He was a remarkably undemanding lodger, for a ghost. But, on reflection, maybe he was the host and we the lodgers. After all, he had lived in the house for almost 200 years; we had been there barely eight.
I had heard of him, of course. From my childhood in the farmhouse I was familiar with the story of the ghost with a lantern seen walking beneath the scarp of the Downs towards the cottage. I never met anyone who had actually seen him in person, just the lamp moving in front of the wood.
Jack O’Lantern, the old boys called him; not a very imaginative name when you come to think of it. It was always assumed that he was a keeper or a shepherd returning to his cottage through the late evening darkness after a last look round at his charges.
It never occurred to me when I moved into the cottage that it might be haunted. Cottage-under-the-Hill, the previous occupants called it. House-under-the-Hill it became, rather pretentiously, after the landlord had renovated it. We decided to call it Shepherd’s Cottage when we took up residence, more appropriate somehow.
There was no reputation, no stories of spooks haunting the sleep of anyone staying there. So, as I say, I was not exactly looking for a visitation. Until, that is, in the dead of night one Christmas Eve, many years ago now.
The children were very young and, though excited, were tired enough to go to sleep once they had put out the sherry and mince pie for Father Christmas and a raw carrot for the reindeer. I ate the mince pie, drank the sherry, carefully disposed of the carrot and laid out the stockings. My wife and I thankfully headed for bed.
It was a bitterly cold night, a hard frost to accompany the snow flurries. In the early hours, the wind strengthened and it started to snow in earnest. I was snug in bed, fast asleep, when I became aware of a man beside the bed, his face lit up by a lantern.
He was short by today’s standards, of stocky build with thick grey whiskers. The collar of a coarse woollen shirt protruded above the leather jerkin. Surprisingly, the apparition of a strange figure in my bedroom in the middle of the night was not remotely frightening. Indeed, it was somewhat reassuring.
As consciousness seeped slowly through my brain, the mirage faded leaving darkness, lit only by the digital display of the radio alarm clock. 3.30 am. I knew I had to get up. Quietly, rapidly, I dressed, dragging on a heavy anorak and Wellingtons.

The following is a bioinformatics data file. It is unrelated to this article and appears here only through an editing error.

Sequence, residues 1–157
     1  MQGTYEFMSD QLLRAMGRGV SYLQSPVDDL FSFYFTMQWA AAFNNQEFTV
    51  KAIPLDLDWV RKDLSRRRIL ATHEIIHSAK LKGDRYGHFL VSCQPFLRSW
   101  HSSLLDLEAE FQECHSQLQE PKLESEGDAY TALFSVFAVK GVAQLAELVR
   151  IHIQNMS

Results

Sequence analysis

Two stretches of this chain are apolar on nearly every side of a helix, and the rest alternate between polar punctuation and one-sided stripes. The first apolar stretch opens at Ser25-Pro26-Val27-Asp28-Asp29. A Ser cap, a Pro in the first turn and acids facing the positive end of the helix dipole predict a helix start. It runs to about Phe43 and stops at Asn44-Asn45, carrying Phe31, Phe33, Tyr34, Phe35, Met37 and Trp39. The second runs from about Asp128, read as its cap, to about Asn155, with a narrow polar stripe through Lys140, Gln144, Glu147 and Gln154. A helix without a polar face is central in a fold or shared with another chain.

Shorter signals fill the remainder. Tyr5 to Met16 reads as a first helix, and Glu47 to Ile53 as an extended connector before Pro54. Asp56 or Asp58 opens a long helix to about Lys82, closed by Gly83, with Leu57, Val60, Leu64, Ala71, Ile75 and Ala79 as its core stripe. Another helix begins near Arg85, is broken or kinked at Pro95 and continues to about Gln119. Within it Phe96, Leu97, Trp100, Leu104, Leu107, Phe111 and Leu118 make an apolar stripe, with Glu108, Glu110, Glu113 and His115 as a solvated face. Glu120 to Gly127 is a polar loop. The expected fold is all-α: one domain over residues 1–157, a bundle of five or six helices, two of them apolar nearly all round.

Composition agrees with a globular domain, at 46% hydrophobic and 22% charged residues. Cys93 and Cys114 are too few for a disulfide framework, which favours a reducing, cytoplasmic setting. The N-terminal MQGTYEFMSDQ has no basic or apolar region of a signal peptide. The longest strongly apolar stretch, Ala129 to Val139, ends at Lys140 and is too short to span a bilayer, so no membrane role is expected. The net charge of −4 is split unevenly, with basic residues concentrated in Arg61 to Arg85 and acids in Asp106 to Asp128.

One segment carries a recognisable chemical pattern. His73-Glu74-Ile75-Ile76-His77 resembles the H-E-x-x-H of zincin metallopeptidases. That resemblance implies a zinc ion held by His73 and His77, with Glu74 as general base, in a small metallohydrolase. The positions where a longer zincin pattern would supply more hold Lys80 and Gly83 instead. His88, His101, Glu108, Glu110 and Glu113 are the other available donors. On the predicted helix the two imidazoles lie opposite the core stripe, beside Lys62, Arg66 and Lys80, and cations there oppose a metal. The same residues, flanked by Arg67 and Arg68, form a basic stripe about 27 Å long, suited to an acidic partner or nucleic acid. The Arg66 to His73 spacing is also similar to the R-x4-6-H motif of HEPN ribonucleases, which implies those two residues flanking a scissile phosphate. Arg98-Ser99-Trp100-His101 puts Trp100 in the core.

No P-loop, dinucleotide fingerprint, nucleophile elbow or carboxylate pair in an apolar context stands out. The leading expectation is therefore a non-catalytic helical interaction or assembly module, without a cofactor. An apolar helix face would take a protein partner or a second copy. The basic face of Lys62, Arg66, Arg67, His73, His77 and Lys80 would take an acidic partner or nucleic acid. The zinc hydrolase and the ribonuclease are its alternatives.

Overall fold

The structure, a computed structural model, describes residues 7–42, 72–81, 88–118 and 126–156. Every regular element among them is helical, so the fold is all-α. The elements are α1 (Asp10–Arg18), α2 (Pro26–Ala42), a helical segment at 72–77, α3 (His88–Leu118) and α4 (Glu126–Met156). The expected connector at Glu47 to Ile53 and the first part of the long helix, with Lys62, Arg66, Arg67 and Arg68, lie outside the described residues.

Outside, the wind cut like a knife, freezing the breath in my nostrils. I set out along the wood, the scarp of the Downs a dark shadow above me. Even without a torch, I could see clearly, an eerie light showing the way. It swayed slightly as I walked as though coming from a lamp held by an unseen hand.
Snowflakes swirled, creating drifts, and I wondered if the cottage would be snowed-in come morning. Although I was unaware of the specific purpose of my nocturnal ramble, I was sure of its necessity.
We crossed Rat Pond Lane and into the next pasture and, suddenly, I knew why we were there. I saw ‘we’ because I could feel the presence beside me, although I could see nothing. The sheep were in this field, the ewe flock heavily in lamb, halfway through gestation.
Over by the trees were a large number of sheep sheltering from the wind. But drifts were forming amongst them as the snow eddied round the corner of the wood. Already some were almost buried. I started to move them away from the danger area, wishing I had a sheep dog to help me.
Clapping my hands and shouting at the stupid creatures at least restored my circulation and, despite their reluctance to move, I soon had them in a safer haven from the lethal weather.
We made our way back to the cottage in the quiet comradeship of a shared experience. I wanted to thank him but felt foolish talking to an invisible spirit. Yet there was communication despite the silence. I knew his name was Seth (you never really believed Jack O’Lantern, did you?) and he worked as a shepherd for the Kingsmill family in the latter part of the 18th century, at around the time of the French Revolution, although he would have known little of that.
I already knew that the Kingsmill family had owned the estate since the Dissolution of the Monasteries, but the identity of Jack O’Lantern had always been a mystery.
As I quietly made my way back to bed, my wife stirred and asked where I had been. I thought of telling her but knew that there was little point, at least at that time of the morning. As I drifted towards sleep, I was glad that we had called our home Shepherd’s Cottage and knew Seth approved.
A very Happy Christmas to all readers of this column.